I have to say that I really liked reading Rands in Repose’s excellent blog post about “free electron” programmers. Unrelated side note: Did you know that Simply Hired has a graph showing the median salary of these kinds of programmers? Apparently the median salary is around $78,000.
At any rate, I feel that this is a subject I can add to. I say this because I consider myself a free electron. And I’m not saying that to be cocky either. It’s just that Rands’s description of the free electron is almost a word-for-word description of the Architect (INTP
) or maybe the Mastermind (INTJ)
personality type. I just so happen to be an Architect. I think that people with both of these personalities were almost born to be programmers. They’re naturally inquisitive and love
nothing more than to understand complex systems. But they can really be destructive if not dealt with properly. And they’re so rare (about 1-5% of the population) that many people may simply be unaware of how to deal with them.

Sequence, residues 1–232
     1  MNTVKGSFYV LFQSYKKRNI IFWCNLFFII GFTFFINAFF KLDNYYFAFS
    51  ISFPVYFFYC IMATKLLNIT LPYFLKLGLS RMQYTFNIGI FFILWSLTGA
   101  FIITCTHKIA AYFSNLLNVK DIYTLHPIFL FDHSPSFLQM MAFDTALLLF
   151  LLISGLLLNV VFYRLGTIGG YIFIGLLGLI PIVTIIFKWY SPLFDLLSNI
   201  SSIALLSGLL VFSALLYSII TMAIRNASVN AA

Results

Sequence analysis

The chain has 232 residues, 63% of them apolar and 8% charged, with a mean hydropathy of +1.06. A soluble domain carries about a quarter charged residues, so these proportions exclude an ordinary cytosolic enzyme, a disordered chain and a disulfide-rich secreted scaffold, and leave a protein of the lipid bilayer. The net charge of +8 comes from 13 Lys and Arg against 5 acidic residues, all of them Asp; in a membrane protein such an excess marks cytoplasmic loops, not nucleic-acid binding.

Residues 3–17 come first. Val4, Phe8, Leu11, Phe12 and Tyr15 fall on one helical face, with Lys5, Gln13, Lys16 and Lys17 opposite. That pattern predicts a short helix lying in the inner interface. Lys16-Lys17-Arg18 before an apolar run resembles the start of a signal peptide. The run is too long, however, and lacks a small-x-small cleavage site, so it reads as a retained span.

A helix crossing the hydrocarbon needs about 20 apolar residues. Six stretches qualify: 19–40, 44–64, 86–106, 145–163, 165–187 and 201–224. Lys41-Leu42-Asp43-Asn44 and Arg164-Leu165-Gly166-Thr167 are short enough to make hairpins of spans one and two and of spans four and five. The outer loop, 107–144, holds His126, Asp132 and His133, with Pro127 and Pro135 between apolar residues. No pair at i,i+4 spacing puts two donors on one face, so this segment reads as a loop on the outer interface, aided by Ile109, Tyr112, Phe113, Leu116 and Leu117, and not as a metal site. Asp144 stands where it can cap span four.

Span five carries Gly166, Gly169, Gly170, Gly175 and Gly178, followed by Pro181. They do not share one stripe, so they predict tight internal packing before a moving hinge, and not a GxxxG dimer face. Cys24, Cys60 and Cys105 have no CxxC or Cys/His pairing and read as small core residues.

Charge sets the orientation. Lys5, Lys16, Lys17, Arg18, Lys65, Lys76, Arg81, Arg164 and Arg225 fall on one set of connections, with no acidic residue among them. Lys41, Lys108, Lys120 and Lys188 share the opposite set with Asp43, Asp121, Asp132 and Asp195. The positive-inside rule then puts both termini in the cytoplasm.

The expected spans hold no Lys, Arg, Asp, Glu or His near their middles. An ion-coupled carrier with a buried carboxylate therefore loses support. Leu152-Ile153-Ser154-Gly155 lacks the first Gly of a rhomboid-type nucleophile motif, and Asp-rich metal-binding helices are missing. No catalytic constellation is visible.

At any rate, here is a list of general pieces of advice to get along well with your free electron (in no particular order):
Listen to them
Alright, so I lied when I said this was in no particular order (at least for this point). This is the single most important thing to do to get the most use of your free electron and to keep your free electron happy. Yes, we come up with some rather zany ideas that seem to not be grounded in reality. And a lot of the time, that may be true.
But you also need to understand that free electrons have an unmatched ability to understand complexity. This means that oftentimes, they may understand something you don’t. And sometimes, it is difficult to put complexity into words. Thus, what seems like a zany idea to you might actually be a perfectly rational way of looking at things when you understand all of the details.